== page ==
I have been working a whole year with a non-free OS! Now, I have a lot to say about MacOSX… and I am happily getting back to GNU/Linux. I have to admit that there are a few OSX features that I would like to see in GNU/Linux, though.

The Bad Part

I thought I could still work on Kompozer while at INRIA. Unfortunately, I had absolutely no time to take any vacation during this year and very little free time to work on other free projects.

Just to make it clear:

  • yes, the KompoZer project is stalled at the moment since I am the only regular developer and I am too busy;
  • no, there is no so-called “successor” for KompoZer; there are other projects which address the same needs but with another codebase…
  • yes, I am still interested in finishing the job I have been doing on KompoZer, i.e. backporting the codebase to comm-central / SeaMonkey.

I think dom2text editors are not relevant any more for modern web development. They are still useful and appreciated to learn the basics of web design, a wysiwyg CSS editor can be useful as well, but they will never be an alternative to text2dom editors like DreamWeaver™ or Komodo.

I am convinced that wysiwyg HTML editors should be focussed on content instead of presentation. I am thinking of a “Web Processing Suite” that could be a real-world alternative to word processors and slideshow editors, and we need a modern, stable, community-maintained editor for that. This has always been my main motivation with KompoZer, and after my work at INRIA I have a pretty sharp idea of what a “Web Processor” should look like.

The Best Part

I am not looking for any job at the moment. I have just signed a 6-month contract with Mozilla and I will start working with Ehsan Akhgari on the <editor> back-end in mid-July.

Needless to say, I am more than thrilled about this new challenge. More on this subject soon. :-)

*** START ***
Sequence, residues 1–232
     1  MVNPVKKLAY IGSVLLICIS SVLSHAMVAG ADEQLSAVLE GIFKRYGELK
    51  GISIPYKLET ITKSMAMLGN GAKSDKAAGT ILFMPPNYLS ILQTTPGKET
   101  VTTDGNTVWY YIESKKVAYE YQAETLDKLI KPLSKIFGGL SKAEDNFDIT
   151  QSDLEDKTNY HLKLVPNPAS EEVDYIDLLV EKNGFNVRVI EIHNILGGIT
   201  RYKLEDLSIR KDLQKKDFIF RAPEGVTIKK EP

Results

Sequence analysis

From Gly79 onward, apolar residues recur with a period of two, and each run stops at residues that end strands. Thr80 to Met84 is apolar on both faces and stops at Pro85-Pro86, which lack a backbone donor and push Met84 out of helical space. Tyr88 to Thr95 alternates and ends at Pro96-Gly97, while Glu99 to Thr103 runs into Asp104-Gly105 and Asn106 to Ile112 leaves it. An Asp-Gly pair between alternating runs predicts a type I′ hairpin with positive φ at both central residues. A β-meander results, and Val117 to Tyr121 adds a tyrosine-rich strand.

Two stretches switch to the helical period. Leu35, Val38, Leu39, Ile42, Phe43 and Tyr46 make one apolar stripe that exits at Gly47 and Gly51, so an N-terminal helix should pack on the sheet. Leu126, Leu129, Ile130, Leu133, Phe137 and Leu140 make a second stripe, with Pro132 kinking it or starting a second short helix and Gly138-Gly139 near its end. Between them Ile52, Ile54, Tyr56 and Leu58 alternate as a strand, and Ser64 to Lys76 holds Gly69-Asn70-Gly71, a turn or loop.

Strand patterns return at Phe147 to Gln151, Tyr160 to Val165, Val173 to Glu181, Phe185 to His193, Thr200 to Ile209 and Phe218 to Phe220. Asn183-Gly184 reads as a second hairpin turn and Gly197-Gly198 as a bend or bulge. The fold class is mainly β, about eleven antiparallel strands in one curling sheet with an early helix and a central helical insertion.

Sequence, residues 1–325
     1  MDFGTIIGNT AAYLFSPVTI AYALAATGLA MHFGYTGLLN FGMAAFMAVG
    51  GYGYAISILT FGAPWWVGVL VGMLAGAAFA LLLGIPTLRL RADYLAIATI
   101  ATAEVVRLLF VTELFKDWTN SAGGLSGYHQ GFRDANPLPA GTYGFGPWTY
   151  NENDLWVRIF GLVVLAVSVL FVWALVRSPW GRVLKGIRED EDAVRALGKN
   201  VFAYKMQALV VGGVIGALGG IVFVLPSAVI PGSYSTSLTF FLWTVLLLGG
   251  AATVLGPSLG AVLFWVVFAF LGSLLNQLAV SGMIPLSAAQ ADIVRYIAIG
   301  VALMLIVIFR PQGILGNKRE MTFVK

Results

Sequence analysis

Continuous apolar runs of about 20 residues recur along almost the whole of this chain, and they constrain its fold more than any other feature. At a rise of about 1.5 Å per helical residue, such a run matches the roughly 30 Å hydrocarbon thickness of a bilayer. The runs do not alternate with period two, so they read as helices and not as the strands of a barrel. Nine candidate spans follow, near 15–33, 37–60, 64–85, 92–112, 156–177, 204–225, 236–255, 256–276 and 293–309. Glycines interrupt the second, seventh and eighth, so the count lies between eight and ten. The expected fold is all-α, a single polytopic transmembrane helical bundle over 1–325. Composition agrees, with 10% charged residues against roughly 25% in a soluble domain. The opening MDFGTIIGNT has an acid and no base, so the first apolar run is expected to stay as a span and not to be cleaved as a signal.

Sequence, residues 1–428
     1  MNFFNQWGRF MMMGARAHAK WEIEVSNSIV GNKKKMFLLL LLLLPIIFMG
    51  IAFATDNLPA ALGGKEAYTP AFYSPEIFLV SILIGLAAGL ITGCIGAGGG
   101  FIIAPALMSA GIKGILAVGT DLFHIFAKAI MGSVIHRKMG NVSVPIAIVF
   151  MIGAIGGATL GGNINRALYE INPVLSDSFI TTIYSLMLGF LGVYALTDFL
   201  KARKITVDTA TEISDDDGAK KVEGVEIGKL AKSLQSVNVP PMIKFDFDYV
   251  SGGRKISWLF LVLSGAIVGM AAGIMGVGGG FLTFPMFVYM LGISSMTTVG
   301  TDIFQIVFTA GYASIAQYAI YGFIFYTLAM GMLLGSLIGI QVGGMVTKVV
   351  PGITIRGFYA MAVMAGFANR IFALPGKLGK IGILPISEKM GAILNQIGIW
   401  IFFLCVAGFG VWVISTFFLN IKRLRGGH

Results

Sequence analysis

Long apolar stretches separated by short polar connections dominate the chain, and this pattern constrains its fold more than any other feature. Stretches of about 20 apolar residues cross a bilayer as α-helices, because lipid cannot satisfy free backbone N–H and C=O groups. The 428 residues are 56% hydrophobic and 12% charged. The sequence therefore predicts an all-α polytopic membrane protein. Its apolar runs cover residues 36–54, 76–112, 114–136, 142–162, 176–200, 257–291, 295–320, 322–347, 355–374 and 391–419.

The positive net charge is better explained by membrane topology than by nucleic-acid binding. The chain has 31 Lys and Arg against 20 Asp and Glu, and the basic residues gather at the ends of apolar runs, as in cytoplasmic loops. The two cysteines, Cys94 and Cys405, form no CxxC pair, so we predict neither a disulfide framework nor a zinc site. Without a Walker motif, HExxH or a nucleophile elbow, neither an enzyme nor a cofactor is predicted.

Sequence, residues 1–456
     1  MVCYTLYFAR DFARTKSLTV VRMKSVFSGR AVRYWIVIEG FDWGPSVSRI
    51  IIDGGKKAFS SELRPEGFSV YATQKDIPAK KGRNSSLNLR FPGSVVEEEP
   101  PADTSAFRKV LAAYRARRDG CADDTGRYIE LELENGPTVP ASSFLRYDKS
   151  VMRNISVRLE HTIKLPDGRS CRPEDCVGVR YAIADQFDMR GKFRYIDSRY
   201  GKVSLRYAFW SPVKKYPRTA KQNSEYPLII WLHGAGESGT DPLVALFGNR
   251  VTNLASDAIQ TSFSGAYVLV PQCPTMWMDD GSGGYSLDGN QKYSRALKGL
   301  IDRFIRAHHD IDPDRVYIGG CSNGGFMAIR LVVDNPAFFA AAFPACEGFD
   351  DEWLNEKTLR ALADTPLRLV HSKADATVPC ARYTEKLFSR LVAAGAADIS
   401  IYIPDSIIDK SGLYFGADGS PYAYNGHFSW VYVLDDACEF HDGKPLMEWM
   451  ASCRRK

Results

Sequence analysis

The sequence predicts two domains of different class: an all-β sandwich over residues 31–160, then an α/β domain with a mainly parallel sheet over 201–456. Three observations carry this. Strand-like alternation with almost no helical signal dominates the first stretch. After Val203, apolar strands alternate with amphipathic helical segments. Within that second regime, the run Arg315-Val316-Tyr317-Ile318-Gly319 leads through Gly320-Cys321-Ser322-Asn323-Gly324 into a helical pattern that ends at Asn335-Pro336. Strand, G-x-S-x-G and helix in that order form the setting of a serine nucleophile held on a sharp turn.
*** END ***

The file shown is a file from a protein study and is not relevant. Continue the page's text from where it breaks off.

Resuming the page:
HTML Timing

I’ve just been hired by INRIA to develop a Mozilla-based, multimedia-dedicated, web authoring tool. I’m working in a team that has been very active in the SVG and SMIL working groups and that has developed Amaya a while ago. After three months working here, I came up with two conclusions:

  • the full SMIL spec (≠ SVG animations) is completely overkill for web browsers
  • the SMIL/Timing module is magic: simple to use and offers a lot of cool features to web pages like timing, media synchronization and user interaction management. I wish this could be part of HTML5!

I’m currently working on a JavaScript implementation of the SMIL/Timing module. I’ve had the opportunity to give a lightning talk about this project at the Mozilla Summit in Whistler, and I’ve made significant progress since.

Here’s a quick overview of SMIL/Timing and how we can use it in web pages. The full story and all the demos are on labs.kompozer.net/timesheets.

Timesheet Scheduler (Demo!)

I’ve started to implement the SMIL/Timing and SMIL/Timesheets specs in a JavaScript Timesheet Scheduler: with this small JS lib (less than 4KB for the minified/gzipped version), a lot of timing features and user interactions can be described without writing any specific JavaScript code. This can be easily used to design an slideshow like this one:

The full demo is available here: labs.kompozer.net/timesheets.

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KompoZer 0.8b3 in Ukrainian and Brazilian

KompoZer logo Two new locales have just been added to the official “Download” page: http://kompozer.net/download.php

The Ukrainian one is mainly (only?) the result of Andriy Radyk’s work. He’s done the whole translation on Narro pretty quickly before taking the time to check his langpack carefully in KompoZer itself. Thanks Andriy!